I now completely reject all four of these assertions, and do so not only as a result of my much longer experience as an observer of nature (including “human nature”) but also as a person who has taken a great deal of time and care to study the various ethical traditions and the observable effects those traditions have had on the behavior of people who profess them.
This will take a while, so I’m going to split it up into several comments. Here goes
First, it will help in the discussion that follows to distinguish between the terms “validity” and “justification”.
“Validity” usually refers to the outcome of a logical operation, such as the construction of a deductive syllogism or the testing of an hypothesis via the hypothetico-deductive (i.e. “scientific”) method.
• In deductive reasoning, a conclusion is “valid” if it follows logically from its major and minor premises.
• In inductive reasoning (and its variants, abductive reasoning and consilience), a conclusion is “valid” if it is not falsified by the preponderance of the data (”preponderance” being defined somewhat differently in the different branches of the natural sciences; in biology it is typically greater than 95% of the observed cases/data).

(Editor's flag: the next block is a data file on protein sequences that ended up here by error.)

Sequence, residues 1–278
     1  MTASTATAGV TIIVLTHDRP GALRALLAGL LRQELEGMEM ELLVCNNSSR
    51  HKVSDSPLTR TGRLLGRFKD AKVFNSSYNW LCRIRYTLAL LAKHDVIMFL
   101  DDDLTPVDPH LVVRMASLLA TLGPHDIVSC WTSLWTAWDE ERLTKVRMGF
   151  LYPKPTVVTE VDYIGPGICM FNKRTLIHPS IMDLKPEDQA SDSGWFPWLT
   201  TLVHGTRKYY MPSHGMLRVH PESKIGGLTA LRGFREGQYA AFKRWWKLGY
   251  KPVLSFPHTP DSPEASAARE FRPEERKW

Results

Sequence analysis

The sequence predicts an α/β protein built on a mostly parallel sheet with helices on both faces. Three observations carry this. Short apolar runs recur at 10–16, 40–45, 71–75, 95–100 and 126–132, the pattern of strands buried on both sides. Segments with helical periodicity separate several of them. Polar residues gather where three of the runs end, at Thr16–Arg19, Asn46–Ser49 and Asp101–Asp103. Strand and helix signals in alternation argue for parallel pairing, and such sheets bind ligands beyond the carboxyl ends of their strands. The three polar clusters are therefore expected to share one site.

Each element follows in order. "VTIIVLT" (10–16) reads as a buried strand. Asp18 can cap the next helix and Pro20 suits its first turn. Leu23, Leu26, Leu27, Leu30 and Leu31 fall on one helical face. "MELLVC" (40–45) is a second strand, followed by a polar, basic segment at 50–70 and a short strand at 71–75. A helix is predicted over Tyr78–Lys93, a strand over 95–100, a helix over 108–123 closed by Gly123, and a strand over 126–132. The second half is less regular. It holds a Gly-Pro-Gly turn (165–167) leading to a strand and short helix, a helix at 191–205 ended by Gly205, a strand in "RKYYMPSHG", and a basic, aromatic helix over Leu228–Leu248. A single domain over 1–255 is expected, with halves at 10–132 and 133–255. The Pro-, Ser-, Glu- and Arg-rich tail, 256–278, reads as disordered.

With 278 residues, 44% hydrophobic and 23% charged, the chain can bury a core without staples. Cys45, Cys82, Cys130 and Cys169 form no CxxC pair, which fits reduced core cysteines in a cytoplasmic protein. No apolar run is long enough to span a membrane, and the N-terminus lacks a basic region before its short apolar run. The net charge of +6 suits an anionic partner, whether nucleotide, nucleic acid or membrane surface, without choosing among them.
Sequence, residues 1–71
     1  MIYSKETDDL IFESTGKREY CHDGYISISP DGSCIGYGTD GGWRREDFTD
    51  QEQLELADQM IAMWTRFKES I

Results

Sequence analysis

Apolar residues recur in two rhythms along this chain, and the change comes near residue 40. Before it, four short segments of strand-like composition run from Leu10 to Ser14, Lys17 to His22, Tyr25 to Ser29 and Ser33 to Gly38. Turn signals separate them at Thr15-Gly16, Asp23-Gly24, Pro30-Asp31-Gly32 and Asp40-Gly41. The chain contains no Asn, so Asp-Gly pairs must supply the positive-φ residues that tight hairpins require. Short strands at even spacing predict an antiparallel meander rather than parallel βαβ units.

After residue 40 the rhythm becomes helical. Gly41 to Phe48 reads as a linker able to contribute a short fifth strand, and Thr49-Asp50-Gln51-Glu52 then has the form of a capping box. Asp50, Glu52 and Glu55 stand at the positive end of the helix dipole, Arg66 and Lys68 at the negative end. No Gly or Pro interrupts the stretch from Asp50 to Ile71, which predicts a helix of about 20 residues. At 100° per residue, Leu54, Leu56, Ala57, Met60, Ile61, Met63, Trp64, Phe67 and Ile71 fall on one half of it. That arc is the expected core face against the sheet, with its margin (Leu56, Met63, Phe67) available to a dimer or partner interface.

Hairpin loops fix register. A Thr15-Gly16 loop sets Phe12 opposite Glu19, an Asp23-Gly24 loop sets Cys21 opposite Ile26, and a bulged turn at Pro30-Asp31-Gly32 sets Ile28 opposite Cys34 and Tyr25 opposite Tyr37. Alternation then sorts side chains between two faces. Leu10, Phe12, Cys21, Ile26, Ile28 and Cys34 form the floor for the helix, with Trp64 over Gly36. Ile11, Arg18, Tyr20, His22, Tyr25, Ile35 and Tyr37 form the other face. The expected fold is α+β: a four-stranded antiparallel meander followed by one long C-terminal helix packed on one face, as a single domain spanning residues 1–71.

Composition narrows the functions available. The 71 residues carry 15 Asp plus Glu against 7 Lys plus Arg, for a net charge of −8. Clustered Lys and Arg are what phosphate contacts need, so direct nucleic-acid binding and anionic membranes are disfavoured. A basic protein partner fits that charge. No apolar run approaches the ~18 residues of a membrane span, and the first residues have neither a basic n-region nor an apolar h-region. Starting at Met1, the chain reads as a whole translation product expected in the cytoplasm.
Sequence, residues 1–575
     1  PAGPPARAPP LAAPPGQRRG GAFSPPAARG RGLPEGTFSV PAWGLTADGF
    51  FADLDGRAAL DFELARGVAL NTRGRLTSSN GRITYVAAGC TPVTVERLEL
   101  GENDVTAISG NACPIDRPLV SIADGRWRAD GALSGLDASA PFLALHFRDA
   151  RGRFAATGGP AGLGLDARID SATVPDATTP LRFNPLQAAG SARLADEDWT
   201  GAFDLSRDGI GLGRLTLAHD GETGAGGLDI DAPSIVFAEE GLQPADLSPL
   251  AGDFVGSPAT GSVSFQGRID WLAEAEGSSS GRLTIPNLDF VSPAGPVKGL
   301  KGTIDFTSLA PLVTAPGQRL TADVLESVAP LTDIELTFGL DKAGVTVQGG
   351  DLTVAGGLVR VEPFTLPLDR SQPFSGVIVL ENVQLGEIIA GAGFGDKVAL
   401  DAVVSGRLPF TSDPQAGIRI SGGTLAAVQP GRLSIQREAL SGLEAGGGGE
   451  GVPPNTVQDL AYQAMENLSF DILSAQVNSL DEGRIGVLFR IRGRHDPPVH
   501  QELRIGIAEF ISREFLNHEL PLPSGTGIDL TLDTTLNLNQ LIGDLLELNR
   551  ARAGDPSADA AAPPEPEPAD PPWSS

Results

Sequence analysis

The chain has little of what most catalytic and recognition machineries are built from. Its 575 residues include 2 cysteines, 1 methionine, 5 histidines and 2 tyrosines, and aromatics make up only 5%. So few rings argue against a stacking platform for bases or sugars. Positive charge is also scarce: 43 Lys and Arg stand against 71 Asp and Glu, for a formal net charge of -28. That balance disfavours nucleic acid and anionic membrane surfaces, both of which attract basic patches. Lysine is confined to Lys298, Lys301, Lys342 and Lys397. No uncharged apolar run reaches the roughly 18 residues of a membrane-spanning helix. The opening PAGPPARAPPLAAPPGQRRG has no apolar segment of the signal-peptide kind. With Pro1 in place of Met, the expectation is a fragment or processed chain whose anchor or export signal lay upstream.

“Justification” refers to the method by which ethical/moral prescriptions are determined to be valid.
• In the empirical sciences, determining if an hypothesis (i.e. a generalization about what some observable phenomenon) is) is “valid” involves either simple description (i.e. “natural history”) or experimentation (i.e. “controlled manipulation of independent variables”).
• In meta-ethics, determining if an ethic (i.e. a statement about what a person/people ought to do) is “valid” involves examining either the internal logic of that ethical prescription or the effects of putting that ethical prescription into practice.